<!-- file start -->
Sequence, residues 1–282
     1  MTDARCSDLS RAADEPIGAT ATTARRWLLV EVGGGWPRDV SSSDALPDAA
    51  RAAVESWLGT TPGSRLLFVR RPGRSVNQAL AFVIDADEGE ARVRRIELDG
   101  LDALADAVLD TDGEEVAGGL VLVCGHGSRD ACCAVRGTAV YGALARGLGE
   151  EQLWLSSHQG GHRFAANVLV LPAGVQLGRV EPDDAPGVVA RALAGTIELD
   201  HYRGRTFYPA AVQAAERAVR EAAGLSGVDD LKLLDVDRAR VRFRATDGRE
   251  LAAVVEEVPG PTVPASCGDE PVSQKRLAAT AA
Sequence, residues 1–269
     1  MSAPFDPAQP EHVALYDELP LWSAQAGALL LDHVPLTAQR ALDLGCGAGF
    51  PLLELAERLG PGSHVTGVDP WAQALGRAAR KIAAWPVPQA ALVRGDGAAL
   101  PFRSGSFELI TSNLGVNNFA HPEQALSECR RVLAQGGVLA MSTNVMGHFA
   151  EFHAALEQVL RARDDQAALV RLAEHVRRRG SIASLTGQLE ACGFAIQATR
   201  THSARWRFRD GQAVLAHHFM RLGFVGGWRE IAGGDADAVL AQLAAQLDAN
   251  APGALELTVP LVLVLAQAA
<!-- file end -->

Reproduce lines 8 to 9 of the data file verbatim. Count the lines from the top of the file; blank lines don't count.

Sequence, residues 1–269
     1  MSAPFDPAQP EHVALYDELP LWSAQAGALL LDHVPLTAQR ALDLGCGAGF